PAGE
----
The current account deficit may have reached 2.1% of GDP in 2016 versus a 'B' median of 5.7%, balancing continued improvement in the trade deficit due to strong export performance and a slight increase in imports due to weak domestic demand against continued weakness in remittances. Current account deficits are forecast to average 4% of GDP in 2017-2018 due to a subdued domestic demand recovery, the return of growth to Russia, increased export market diversification, moderate increases in international oil prices and the prospect of a new gold mine operation coming on line in 2018. A moderate deficit could also lead to a gradual decline in external indebtedness (net external debt of 48% of GDP vs peers' 20%) after sustained growth in the aftermath of the global financial crisis.
Non-performing loans increased in 2016 (8.2% end- November based on the national definition of 1 to 270 days overdue), but the financial sector stabilised and made progress towards reducing vulnerabilities. Bank capitalisation strengthened (18.3% in 3Q16) in line with the central bank's requirements, which are on target to be met by January 2017, mostly through shareholder contributions and with no need of sovereign support. FC credit and deposit levels remain above 60% of the respective totals. The banking system's FX position is balanced and regulations are in place to prevent FC lending to non-FC generators.
As a result of the December 2015 referendum, Armenia is currently in transition from a presidential to a parliamentary system. The country will hold parliamentary elections in April 2017. Fitch does not expect material changes in the direction of economic policy. After the short-lived armed escalation in April 2016, the 'frozen' conflict with Azerbaijan regarding the disputed Nagorno-Karabakh region has returned to its previous state of low level sporadic clashes.
SOVEREIGN RATING MODEL (SRM) and QUALITATIVE OVERLAY (QO)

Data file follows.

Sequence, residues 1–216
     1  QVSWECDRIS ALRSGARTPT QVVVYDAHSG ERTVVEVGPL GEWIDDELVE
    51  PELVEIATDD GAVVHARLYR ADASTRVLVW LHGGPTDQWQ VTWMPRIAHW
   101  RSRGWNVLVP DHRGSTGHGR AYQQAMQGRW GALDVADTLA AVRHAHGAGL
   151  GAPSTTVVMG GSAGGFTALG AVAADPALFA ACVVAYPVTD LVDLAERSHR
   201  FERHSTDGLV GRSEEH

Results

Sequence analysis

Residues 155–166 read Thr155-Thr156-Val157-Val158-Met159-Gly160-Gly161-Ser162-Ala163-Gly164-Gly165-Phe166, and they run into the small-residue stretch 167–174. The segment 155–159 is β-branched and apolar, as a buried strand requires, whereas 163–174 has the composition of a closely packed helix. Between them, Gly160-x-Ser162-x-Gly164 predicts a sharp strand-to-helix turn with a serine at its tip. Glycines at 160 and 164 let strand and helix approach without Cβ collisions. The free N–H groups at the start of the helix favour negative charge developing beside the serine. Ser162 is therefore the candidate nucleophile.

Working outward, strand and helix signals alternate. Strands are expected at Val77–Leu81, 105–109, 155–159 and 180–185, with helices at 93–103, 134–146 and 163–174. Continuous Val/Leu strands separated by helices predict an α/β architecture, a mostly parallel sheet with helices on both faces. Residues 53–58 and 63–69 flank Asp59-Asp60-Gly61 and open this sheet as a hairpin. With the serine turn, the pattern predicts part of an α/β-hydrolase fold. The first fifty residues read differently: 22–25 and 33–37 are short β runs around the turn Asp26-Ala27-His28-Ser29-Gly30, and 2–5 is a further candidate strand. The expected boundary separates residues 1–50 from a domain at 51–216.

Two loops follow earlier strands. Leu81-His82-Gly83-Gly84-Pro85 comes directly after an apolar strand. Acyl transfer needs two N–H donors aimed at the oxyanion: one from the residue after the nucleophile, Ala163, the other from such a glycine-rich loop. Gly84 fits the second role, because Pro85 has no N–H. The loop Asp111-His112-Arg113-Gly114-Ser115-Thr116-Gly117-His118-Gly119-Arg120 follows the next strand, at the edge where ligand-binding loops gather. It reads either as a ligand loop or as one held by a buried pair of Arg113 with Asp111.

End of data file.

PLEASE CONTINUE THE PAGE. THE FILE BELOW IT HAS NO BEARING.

Fitch's proprietary SRM assigns Armenia a score equivalent to a rating of 'B+' on the Long-Term FC IDR scale. Fitch's sovereign rating committee did not adjust the output from the SRM to arrive at the final LTFC IDR.
Fitch's SRM is the agency's proprietary multiple regression rating model that employs 18 variables based on three year centred averages, including one year of forecasts, to produce a score equivalent to a LTFC IDR. Fitch's QO is a forward-looking qualitative framework designed to allow for adjustment to the SRM output to assign the final rating, reflecting factors within our criteria that are not fully quantifiable and/or not fully reflected in the SRM.
The Stable Outlook reflects Fitch's assessment that upside and downside risks to the rating are currently balanced. Nonetheless, the following risk factors could, individually or collectively, trigger positive rating action:
- A downward trajectory in the government debt-to-GDP ratio.
- A sustained improvement in the external balance sheet.
The following risk factors could individually or collectively, trigger negative rating action:
- Continued increases in the government debt to GDP ratio due to a failure to implement fiscal consolidation measures and/or growth underperformance.
- A marked drop in foreign exchange reserves.
Fitch assumes that Armenia will continue to experience broad social and political stability and there will be no prolonged escalation in the conflict with Azerbaijan regarding Nagorno-Karabakh to a level that would affect economic and financial stability.
Fitch assumes that the Russian economy will grow by 1.3% and 2.0% in 2017 and 2018, respectively.
Armenia is a landlocked country in the South Caucasus region of Eurasia.
Under the old Soviet central planning system, Armenia developed a modern industrial sector, supplying machine tools...